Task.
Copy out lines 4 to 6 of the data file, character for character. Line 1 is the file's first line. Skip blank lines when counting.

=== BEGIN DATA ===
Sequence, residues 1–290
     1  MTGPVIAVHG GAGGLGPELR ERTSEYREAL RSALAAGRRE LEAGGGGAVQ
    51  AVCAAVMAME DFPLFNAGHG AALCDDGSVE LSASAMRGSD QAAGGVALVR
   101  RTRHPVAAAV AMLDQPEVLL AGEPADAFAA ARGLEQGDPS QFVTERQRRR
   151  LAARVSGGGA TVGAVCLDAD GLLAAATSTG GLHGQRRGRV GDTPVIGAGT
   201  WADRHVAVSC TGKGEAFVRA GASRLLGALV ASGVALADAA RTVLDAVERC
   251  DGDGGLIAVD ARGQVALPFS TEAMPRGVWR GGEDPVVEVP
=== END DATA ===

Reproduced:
   101  RTRHPVAAAV AMLDQPEVLL AGEPADAFAA ARGLEQGDPS QFVTERQRRR
   151  LAARVSGGGA TVGAVCLDAD GLLAAATSTG GLHGQRRGRV GDTPVIGAGT
   201  WADRHVAVSC TGKGEAFVRA GASRLLGALV ASGVALADAA RTVLDAVERC